The killing of a Kosovo police officer and an ensuing gun battle at a monastery in a village close to the Serbian border marked one of the gravest escalations in the former breakaway province in years.
Three Serb gunmen were killed in an hours-long firefight with Kosovo police, after they ambushed a patrol near the village of Banjska and later barricaded themselves at an Orthodox monastery. Kosovo authorities had earlier said four gunmen were killed in the melee but later put the number of dead at three.
The incident has triggered strong emotions in Kosovo and Serbia, with both sides pinning responsibility for the bloody clashes on the other.
In Serbia, officials have denied backing the gunmen who attacked the police but many have offered gushing praise for their actions.
Serbian Defence Minister Milos Vucevic said the gunmen were the latest in a long line of fighters who died “for freedom of Kosovo and freedom of Serbia”. “They are the new victims in this line of heroes or martyrs,” the minister told state-run RTS television on Wednesday.
Several newspapers also hailed the gunmen, with headlines calling them “heroes” and saying the country was collectively in “tears”.
War of words
The Pristina government has continued to accuse the Serbian government of backing the attack on its police force, a charge Belgrade denies. Kosovo’s interior ministry has accused a prominent politician from a major Serb political party of leading the attack.
On Wednesday, the ministry said one of the gunmen killed on Sunday had also served as a bodyguard for Serbia’s current intelligence chief Aleksandar Vulin during a trip to Kosovo in 2013.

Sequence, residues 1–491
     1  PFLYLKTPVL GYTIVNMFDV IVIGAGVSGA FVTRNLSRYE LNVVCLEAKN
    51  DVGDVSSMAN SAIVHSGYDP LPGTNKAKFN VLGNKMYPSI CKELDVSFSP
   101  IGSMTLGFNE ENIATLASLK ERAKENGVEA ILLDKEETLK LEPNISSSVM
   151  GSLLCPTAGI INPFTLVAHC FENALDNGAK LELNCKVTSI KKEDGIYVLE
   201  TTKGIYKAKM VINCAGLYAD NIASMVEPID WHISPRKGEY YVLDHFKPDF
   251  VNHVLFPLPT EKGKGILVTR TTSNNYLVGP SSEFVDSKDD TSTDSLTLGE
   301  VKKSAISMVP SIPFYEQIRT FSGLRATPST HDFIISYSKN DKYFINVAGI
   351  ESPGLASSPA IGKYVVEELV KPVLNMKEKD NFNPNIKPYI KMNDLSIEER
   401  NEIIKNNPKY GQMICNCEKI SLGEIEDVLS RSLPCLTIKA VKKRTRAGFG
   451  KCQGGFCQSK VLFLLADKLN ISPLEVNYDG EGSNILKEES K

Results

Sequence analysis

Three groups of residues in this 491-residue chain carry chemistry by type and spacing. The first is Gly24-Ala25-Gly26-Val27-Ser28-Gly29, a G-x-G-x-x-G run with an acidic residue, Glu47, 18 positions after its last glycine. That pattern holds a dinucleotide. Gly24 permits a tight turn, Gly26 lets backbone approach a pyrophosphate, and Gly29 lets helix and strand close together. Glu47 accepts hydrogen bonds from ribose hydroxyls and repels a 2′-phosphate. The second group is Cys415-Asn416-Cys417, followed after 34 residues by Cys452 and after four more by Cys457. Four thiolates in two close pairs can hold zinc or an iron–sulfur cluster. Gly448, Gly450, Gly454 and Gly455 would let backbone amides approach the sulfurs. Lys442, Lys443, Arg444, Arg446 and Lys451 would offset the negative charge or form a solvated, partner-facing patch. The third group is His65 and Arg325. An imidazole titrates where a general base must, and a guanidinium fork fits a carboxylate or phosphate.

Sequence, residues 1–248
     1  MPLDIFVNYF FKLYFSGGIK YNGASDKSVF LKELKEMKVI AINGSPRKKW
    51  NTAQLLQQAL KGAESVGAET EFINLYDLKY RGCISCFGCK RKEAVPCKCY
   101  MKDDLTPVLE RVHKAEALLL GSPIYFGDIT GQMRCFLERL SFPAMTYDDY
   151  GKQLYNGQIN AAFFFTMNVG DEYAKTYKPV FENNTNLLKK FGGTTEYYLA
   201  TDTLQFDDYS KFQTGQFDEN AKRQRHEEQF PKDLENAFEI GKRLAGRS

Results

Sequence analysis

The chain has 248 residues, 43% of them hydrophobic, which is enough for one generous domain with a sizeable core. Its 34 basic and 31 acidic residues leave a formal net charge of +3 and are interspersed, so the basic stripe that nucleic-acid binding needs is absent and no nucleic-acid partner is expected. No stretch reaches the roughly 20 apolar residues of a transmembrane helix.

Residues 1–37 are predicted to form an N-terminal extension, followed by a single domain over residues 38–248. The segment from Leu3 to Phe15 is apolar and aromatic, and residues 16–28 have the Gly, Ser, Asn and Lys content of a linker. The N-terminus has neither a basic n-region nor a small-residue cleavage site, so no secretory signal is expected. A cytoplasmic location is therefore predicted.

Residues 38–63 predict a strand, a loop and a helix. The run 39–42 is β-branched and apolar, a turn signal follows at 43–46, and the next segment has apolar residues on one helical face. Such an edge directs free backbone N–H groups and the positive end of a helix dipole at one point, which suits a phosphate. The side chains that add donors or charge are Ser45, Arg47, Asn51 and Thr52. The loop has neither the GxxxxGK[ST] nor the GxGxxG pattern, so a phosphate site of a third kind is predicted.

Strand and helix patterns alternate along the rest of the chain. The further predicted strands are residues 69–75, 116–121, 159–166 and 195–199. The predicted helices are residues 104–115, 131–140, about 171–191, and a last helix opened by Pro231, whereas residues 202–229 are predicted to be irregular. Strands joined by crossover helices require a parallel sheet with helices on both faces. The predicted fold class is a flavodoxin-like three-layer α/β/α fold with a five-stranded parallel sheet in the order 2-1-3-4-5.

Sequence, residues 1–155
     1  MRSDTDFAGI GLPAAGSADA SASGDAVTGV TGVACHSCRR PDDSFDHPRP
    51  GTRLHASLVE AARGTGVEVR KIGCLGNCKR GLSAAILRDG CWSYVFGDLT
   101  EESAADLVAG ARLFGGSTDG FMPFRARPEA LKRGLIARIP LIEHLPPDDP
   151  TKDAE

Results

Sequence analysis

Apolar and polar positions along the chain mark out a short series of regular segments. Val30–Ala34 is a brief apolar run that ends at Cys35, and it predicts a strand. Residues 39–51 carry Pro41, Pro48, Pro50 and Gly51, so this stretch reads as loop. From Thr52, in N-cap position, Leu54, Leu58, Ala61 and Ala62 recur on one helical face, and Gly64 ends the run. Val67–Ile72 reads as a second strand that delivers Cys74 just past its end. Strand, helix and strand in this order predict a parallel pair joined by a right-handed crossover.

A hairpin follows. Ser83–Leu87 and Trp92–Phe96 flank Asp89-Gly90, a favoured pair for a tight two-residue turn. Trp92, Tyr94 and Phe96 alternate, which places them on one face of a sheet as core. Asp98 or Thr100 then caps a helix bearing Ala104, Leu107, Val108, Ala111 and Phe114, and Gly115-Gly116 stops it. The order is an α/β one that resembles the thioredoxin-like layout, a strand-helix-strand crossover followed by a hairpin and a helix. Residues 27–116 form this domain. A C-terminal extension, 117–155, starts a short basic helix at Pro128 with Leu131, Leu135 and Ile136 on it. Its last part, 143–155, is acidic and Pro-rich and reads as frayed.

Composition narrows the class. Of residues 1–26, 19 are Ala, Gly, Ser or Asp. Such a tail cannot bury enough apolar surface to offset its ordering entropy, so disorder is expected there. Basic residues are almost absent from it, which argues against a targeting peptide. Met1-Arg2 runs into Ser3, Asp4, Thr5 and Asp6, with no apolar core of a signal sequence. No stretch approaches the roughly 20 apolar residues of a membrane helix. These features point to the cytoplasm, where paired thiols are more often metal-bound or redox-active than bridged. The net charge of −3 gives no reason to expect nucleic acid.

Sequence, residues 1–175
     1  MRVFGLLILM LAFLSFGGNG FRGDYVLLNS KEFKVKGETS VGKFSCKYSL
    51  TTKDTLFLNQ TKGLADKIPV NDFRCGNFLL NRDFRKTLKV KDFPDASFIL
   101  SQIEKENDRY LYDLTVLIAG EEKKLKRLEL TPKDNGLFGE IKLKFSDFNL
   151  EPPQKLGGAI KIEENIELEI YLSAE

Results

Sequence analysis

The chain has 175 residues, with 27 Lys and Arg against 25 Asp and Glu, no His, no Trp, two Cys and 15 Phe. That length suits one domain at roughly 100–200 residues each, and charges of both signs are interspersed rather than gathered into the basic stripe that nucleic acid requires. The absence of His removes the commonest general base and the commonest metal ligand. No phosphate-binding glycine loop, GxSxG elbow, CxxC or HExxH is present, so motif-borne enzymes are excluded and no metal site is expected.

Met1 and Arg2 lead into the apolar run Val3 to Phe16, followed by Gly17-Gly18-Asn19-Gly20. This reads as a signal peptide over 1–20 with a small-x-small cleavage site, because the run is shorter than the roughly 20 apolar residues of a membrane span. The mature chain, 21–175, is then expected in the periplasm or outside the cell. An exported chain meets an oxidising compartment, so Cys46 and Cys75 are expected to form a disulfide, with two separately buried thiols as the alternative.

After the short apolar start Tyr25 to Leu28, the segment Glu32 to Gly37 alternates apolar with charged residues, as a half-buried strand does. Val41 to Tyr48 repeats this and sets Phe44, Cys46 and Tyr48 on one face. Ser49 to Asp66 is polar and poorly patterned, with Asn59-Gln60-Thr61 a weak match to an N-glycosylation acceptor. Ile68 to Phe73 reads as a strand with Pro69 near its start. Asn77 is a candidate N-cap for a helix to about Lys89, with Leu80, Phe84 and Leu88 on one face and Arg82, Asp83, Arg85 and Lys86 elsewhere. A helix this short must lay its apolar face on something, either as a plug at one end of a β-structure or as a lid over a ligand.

“The state of Serbia is fully involved in this terrorist attack with the aim of destabilising the Republic of Kosovo,” Interior Minister Xhelal Svecla wrote on social media.
Serbian President Aleksandar Vucic denied the claim in an interview late Wednesday. “Serbia is marking a day of mourning because of the tragic events in Kosovo, because of the death of all the people. From the point of view of the constitution of our country, they are all citizens of our country,” Vucic said.
Earlier this week, a Kosovo court remanded three suspected gunmen in custody after they were arrested over the weekend.
In the village of Banjska on Wednesday, tensions continued to simmer with a special unit from the Kosovo police fanned out across the area. “We are still under house arrest, so to speak. I have a garden there where I can harvest a bit to feed ourselves, but I am not free to leave from here,” Banjska resident Slavisa Mitic told AFP.
Veton Elshani, a police official in north Kosovo, said authorities were still conducting limited operations in the area, but said the situation was stable.
Serbia-Kosovo talks at standstill
Questions remained over the fate of the remaining assailants who participated in the attack, with Kosovo authorities saying at least six had escaped across the border into Serbia.
The attack came more than a week after negotiations between Kosovo and Serbia leaders on improving ties failed to make a breakthrough during European Union-sponsored talks in Brussels.
Tensions in Kosovo’s troubled north have been smouldering for months, following the Pristina government’s decision in May to install ethnic Albanian mayors in four Serb-majority municipalities there.
Demonstrations followed, as well as the arrest by Serbia of three Kosovar police officers and a riot by Serb protesters which saw more than 30 NATO peacekeepers injured.
The clash in the north is just the latest incident to rock the area since Kosovo declared independence from Serbia in 2008. Belgrade – and key allies China and Russia – have refused to recognise the move.
Animosity between Kosovo and Serbia has persisted since a war between Serbian forces and ethnic Albanian insurgents in the late 1990s that drew NATO intervention against Belgrade.
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